We knew when Athena finally started talking it wouldn’t stop. There are days where I laugh because milliseconds after thinking, “Oh my gosh stop talking,” I remember just a few months ago wishing she would.

This time last year putting her down for bed I told her “I love you.” And I wondered if I’d ever hear her say it back.

And I wept.

I wondered if she’d say the name of her sibling, or if the baby would talk before her. I worried about how growing up with an older sibling with “extra needs” would affect them.

I wouldn’t say I had “fears.” But I definitely have had concerns and wonderings. The reality is, in some way shape or form, even though she’s now more or less talking, she will always deal with her SPD to some degree the rest of her life. Because we were able to identify it quickly and early, most of her coping mechanisms are second nature.

There are times I have to remind her to get her *chewy brush* instead of gnawing her fingers or some other object she shouldn’t be chewing on. There are times where we stop using a coping strategy for a while, and have to come back around to it because we can see she is struggling.

At this point and time, Athena has not been identified as Autistic or “on the spectrum.” Quite honestly, we don’t expect her to test that way in the future either. If you were to see us out in public, and she were having a meltdown, there is a really good chance you would assume that she is. Her reactions and behaviors can sometimes seem to lean that way, but she isn’t. I liken it to a cat. At 8 pets they want more. At 10 pets they are happy. At 11 pets they scratch your eyeballs out. Athena is similar. Though she is sensory seeking, if she gets too much, it’s a problem. If she doesn’t get enough, it’s a problem. Every day is a game of filling the sensory tank without going over or under.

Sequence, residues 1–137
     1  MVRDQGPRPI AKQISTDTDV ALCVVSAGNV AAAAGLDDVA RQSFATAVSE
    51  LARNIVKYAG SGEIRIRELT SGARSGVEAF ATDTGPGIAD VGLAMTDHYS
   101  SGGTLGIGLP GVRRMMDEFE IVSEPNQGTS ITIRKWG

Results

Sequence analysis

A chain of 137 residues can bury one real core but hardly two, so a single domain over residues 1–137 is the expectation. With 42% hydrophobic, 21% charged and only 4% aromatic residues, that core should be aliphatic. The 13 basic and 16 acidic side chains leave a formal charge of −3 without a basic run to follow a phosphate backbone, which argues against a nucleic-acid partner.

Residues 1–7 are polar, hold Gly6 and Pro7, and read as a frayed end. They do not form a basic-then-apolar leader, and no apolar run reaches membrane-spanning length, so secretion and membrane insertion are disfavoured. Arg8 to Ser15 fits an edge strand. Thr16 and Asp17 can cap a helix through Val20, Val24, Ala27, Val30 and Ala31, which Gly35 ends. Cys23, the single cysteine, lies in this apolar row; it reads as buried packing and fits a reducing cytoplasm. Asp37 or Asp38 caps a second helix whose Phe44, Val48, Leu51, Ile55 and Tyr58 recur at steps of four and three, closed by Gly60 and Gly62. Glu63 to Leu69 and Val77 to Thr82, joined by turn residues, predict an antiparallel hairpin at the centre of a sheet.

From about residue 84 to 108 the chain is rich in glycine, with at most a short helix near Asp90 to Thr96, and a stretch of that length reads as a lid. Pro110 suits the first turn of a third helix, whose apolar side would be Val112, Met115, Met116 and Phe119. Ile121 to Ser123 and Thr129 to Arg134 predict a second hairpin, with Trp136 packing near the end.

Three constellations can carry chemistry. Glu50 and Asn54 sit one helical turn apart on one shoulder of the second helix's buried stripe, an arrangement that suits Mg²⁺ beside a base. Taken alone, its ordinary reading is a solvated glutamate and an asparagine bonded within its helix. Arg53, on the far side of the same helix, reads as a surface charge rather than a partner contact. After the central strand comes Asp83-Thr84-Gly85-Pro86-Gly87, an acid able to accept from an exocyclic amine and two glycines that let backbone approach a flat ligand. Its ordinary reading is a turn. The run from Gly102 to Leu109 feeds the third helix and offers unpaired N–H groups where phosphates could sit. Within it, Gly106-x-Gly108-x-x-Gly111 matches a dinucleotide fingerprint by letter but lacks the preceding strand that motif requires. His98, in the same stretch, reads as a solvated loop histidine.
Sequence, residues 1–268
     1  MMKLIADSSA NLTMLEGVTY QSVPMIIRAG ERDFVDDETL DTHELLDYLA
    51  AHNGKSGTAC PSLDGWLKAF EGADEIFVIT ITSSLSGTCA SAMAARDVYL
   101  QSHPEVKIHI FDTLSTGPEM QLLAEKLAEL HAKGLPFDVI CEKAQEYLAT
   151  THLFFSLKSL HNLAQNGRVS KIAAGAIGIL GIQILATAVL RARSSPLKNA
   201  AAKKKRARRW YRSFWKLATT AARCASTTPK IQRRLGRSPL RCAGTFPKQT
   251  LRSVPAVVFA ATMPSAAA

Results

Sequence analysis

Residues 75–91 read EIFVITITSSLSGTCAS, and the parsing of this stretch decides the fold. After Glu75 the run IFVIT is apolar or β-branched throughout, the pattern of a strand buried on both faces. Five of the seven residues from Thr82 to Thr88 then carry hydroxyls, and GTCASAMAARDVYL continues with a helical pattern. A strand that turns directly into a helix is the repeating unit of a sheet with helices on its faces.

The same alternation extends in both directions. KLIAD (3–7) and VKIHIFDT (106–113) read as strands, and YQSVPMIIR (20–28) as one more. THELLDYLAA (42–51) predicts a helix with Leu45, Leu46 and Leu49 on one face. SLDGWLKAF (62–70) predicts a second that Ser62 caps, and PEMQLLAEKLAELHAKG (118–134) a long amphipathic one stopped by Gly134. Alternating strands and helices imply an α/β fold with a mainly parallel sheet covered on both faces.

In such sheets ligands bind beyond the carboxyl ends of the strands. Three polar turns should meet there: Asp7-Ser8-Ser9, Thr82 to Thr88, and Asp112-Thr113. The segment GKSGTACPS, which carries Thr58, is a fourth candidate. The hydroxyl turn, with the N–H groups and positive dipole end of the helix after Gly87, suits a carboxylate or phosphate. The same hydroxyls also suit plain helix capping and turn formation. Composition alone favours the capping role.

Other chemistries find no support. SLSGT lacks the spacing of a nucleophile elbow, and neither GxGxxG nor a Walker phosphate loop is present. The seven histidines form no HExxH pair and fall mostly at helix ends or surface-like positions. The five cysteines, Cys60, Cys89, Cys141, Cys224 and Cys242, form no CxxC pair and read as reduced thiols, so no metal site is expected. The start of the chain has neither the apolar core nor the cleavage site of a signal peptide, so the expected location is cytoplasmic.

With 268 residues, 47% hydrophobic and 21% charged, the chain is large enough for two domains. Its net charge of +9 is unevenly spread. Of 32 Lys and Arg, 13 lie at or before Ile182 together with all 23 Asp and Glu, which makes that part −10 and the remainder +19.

Similarly I struggle to write these posts. Not because I don’t want to share or it’s emotionally painful. It’s a precarious balance between being vulnerable and honestly expressing how difficult it is, and being Que Sera Sera, making juggling this all seem very easy.

As with any and all parenting, there are good days and bad for both of us. There are days my own sensory avoiding tendencies clash with her sensory seeking. There are days where I just don’t have the energy to be loud. There are days I am trying to get the baby down for a nap and she just. won’t. be. quiet. Pretty much every day I am asking the good Lord to give me the strength, patience, and grace to handle her, and hope my coffee is stronger than my toddler.

Jesus. Coffee. Oils. Amen.

In my last post of the series I will talk about how we handle the meltdowns, our next steps, products that made a huge difference (I’m looking at you mini trampoline), and attempt to wrap this up in a decent bow.